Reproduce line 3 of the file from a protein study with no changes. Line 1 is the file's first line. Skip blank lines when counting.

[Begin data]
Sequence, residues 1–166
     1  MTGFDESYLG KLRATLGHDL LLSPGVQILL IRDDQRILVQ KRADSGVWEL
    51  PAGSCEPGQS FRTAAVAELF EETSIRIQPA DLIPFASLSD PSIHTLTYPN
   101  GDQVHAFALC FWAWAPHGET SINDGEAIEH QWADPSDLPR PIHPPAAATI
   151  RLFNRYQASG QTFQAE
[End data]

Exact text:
    51  PAGSCEPGQS FRTAAVAELF EETSIRIQPA DLIPFASLSD PSIHTLTYPN